It wasn't long after I finished my review of Harmonic Resolution Systems' M3 isolation base -- about an hour, in truth -- that I began experimenting with the other products HRS sent me to use along with the M3: Nimbus Couplers and Spacers as well as Damping Plates. These products address air-borne vibration (the sources of which, as HRS states, are "loudspeakers, humans, and other vibrating devices within audible reach of the [audio] system"), as opposed to the structure-borne vibration ("from loudspeakers, household devices, other audio components, and miscellaneous external disturbances") that the M3 base combats.
For both types of vibration, "the frequency range is very broad and complex." This means that one technique or material will not address the entire range of vibrational energy, which is why the M3, the Nimbus products and the Damping Plates exist. For the sake of completeness, I'll also mention that HRS makes a massive equipment rack -- it uses M3 bases as shelves -- and the Analog Disk LP clamp. All HRS products are the brainchildren of Mike Latvis, an engineer and audiophile who designs all of his company's handsomely made products.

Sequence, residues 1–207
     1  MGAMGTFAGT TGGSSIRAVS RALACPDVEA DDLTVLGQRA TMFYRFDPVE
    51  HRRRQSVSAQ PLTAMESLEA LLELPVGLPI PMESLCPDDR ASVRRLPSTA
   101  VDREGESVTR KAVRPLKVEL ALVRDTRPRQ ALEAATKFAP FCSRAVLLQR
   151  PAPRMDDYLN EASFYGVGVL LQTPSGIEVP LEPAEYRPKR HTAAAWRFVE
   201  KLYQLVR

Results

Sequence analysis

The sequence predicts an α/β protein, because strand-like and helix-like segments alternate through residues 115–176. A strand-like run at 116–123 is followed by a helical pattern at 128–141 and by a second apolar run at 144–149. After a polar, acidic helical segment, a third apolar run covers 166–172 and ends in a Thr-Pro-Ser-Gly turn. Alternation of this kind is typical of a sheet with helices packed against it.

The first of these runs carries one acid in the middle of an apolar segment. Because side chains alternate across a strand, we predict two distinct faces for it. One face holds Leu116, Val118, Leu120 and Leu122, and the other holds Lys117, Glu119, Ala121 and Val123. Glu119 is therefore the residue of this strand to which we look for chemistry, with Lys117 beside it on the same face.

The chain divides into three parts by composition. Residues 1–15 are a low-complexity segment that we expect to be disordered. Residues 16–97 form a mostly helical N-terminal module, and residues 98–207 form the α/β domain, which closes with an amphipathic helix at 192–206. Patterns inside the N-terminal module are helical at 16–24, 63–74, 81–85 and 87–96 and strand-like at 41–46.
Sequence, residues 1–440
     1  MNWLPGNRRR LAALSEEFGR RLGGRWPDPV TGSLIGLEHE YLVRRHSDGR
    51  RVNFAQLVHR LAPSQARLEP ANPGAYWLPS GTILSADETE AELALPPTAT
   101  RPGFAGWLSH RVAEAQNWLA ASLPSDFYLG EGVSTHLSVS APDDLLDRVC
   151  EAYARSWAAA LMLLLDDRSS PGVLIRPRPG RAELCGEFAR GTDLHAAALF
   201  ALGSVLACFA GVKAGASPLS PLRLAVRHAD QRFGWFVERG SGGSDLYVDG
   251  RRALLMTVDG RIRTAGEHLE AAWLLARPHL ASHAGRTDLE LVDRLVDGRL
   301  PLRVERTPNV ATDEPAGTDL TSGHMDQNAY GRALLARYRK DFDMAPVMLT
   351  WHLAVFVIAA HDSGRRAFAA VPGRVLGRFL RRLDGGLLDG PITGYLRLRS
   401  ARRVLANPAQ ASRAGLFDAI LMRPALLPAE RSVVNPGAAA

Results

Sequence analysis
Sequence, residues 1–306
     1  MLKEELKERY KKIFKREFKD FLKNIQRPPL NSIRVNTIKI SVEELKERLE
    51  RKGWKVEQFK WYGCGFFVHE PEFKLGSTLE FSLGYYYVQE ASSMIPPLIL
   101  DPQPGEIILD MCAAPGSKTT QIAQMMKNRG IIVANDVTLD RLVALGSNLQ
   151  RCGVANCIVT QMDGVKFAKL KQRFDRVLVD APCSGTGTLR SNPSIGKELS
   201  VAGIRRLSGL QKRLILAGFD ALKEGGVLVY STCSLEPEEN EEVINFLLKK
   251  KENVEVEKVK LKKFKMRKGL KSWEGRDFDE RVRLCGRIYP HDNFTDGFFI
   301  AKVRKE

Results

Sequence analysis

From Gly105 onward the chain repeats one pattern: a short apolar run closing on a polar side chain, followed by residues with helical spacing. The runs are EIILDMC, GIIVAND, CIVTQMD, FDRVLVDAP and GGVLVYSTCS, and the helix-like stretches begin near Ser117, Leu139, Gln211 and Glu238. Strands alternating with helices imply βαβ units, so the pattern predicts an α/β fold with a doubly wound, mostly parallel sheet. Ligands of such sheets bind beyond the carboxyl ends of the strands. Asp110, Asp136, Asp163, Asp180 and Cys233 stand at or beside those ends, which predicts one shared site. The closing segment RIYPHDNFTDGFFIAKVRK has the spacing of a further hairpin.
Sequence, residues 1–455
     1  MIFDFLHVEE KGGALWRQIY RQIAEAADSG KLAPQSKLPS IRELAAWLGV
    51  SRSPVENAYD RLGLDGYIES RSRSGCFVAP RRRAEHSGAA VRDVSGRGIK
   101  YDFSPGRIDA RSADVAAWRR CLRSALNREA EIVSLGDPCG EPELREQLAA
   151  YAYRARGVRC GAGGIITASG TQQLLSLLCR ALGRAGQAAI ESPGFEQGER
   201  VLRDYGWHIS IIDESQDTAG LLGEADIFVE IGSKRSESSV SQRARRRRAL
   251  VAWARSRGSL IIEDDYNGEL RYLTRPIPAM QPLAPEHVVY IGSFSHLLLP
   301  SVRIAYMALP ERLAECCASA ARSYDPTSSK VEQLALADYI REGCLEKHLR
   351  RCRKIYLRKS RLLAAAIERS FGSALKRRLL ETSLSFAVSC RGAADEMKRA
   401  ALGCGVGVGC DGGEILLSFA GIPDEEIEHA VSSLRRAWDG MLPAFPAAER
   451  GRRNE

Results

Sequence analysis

HRS's Nimbus product line includes the all-in-one Nimbus ($45 USD each), the all-polymer Nimbus Coupler ($20 each), and the all-aluminum Nimbus Spacer ($29-$36 each depending on height). Which of these products you will need depends on the equipment with which they will be used, but the effect is the same: they reduce the bottom-panel vibrational energy of the products under which they sit and act as footers as well. The Nimbus is a 3"-diameter aluminum-and-polymer footer that can be used alone or with Nimbus Couplers and Spacers, depending on how much clearance is needed. The idea is for a polymer side, either from the Nimbus or a Coupler, to contact the bottom plate of the chassis. The custom-formulated polymer is good to 400 degrees Fahrenheit, so you don't have to worry about it melting if your gear runs hot.
Latvis says that he most often uses five Couplers because "experimentation has shown this to be a good approach with most units." Therefore, I used five 0.8"-high Nimbus Spacers with two Nimbus Couplers each -- one on the top contacting the chassis bottom and one on the bottom touching the marble top plate of the M3 base, ten in total. Stacking Spacers and Couplers increases effectiveness, but it will also empty your wallet.
HRS's Damping Plates address the other side of the chassis -- the top plate. Each Damping Plate is a machined-aluminum "structural member" to which a polymer pad is bonded. The polymer side goes down and, just as with the Nimbus Coupler, the contact with the component's chassis kills vibration. HRS Damping Plates come in three sizes and prices: 4 1/2" x 5 1/2" ($75), 4 1/2" x 9 1/2" ($100) and 4 1/2" x 14 1/2" ($135). Three of the largest Damping Plates fit perfectly on my Mark Levinson No.37 CD transport and almost looked like they belonged there.